Tilman Tacke, Anu Madgavkar, Hans‐Helmut Kotz, 30 April 2020

The first two decades of the 21st century saw job opportunities expand and prices for discretionary consumer goods drop. But these gains came at the cost of social contracts in many countries, where working arrangements became more fragile, wages stagnated, and the labour share of income fell. This column argues that the severe economic consequences of the COVID-19 pandemic have revealed vulnerabilities in the social contract. When the immediate crisis is over, risk may need rebalancing towards an increasing role for institutions and mutualisation.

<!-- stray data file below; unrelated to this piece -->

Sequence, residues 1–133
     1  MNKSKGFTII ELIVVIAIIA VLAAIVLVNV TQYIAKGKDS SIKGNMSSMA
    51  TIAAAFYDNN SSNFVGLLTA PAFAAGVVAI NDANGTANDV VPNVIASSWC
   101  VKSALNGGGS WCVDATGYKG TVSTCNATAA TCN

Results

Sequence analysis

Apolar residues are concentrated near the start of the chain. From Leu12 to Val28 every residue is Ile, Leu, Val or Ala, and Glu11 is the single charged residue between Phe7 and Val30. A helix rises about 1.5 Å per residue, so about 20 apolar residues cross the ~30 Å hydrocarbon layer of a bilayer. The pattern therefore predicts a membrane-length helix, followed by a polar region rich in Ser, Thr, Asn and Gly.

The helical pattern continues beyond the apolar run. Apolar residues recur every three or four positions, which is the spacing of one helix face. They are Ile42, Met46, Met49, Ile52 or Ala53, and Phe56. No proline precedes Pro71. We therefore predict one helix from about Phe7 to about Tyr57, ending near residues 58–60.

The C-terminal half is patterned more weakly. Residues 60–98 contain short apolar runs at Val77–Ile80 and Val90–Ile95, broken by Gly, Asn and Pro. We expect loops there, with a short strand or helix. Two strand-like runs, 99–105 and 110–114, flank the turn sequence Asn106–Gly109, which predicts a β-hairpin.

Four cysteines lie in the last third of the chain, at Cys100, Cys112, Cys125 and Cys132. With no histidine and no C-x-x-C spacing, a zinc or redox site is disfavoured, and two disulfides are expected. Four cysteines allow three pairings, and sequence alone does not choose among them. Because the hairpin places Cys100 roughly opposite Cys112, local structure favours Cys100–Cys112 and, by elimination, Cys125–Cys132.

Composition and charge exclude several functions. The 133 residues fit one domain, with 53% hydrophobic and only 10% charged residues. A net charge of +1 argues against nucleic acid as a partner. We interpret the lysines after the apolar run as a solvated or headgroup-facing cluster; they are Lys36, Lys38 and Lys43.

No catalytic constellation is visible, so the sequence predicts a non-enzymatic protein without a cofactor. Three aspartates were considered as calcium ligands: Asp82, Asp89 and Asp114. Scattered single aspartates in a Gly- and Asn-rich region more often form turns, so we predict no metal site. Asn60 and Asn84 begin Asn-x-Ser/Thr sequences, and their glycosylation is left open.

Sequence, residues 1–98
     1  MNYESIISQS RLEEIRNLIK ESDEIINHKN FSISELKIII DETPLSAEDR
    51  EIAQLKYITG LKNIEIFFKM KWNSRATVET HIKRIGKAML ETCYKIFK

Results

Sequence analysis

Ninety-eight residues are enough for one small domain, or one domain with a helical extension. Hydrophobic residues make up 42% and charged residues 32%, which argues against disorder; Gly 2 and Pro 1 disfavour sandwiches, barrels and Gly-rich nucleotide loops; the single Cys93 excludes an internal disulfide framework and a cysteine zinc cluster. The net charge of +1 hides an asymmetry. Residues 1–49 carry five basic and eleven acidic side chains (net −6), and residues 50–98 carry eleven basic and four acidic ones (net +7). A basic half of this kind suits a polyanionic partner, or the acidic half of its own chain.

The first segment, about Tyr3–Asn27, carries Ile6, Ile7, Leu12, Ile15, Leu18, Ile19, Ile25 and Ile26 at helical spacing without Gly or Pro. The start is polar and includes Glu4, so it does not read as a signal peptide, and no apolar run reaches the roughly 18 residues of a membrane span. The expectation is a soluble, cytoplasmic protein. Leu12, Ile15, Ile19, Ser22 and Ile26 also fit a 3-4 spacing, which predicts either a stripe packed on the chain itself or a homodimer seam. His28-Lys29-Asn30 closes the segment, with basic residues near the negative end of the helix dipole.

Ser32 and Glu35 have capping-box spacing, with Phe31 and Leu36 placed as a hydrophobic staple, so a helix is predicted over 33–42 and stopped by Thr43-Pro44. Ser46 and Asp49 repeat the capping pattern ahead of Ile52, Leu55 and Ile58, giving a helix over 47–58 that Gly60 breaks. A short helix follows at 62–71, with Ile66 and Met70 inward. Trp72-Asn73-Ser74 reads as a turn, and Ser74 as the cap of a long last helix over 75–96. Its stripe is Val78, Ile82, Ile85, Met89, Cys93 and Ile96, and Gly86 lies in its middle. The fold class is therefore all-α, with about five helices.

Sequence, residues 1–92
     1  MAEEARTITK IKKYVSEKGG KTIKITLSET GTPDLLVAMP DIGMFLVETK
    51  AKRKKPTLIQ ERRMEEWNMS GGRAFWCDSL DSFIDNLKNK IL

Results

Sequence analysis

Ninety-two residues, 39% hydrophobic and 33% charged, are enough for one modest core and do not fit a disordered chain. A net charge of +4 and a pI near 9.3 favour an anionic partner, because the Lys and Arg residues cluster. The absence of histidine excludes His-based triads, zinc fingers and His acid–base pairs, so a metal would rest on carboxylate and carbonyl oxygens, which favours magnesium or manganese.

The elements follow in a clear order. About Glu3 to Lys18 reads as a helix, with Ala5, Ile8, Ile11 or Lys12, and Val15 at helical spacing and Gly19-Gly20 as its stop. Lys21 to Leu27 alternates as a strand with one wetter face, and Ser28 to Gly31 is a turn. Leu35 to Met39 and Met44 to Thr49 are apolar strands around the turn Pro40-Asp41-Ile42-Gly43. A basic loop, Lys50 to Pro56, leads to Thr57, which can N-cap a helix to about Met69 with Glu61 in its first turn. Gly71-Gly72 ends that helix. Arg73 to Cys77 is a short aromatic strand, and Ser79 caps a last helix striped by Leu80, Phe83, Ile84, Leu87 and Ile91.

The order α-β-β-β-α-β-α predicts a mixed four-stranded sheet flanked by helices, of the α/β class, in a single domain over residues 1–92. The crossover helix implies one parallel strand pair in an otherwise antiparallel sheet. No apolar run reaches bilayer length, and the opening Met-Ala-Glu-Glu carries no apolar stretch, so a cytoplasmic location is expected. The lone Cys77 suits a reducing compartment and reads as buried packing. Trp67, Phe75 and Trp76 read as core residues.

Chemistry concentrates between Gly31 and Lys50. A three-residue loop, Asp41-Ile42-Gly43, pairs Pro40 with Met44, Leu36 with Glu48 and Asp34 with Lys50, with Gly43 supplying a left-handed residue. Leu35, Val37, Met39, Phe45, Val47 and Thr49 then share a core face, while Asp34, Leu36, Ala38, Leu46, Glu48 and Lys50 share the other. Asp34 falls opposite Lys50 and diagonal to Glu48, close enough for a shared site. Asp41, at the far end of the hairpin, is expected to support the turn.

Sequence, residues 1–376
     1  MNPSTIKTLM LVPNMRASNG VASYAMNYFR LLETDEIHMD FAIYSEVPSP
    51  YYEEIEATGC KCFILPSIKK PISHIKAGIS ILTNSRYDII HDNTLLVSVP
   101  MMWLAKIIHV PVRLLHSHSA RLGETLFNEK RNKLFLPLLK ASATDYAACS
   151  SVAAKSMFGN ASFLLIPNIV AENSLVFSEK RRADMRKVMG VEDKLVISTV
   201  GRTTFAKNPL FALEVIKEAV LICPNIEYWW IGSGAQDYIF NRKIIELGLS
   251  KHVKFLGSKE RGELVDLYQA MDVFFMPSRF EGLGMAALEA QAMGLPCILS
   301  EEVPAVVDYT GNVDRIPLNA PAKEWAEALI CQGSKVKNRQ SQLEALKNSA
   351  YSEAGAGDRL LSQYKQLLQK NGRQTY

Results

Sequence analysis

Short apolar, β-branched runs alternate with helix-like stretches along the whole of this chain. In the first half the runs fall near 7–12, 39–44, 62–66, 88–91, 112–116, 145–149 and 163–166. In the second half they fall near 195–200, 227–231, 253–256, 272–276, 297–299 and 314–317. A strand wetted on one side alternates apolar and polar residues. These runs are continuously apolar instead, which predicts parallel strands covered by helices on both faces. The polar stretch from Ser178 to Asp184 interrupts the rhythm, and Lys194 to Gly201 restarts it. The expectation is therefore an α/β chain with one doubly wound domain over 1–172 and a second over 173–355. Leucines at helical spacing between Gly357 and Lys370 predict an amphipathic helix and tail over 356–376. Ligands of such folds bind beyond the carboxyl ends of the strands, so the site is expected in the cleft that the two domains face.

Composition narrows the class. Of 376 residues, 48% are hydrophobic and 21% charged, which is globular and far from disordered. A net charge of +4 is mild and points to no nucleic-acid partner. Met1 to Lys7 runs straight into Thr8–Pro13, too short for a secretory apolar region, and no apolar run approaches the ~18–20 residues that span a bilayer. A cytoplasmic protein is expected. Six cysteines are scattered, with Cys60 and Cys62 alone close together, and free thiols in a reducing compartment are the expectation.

Jacques Bughin, Christopher Pissarides, 02 January 2019

Europe’s social contracts to protect their citizens from socioeconomic risks are based on an inclusive growth model characterised by a more egalitarian view of revenue generation and distribution. But this model is under strain, with various global trends placing upward pressure on inequality that could intensify. This column suggests that keeping the essence of Europe’s current inclusive growth model does not preclude it from adapting its current social contracts to protect its citizens, whatever the disruptions that lie ahead.

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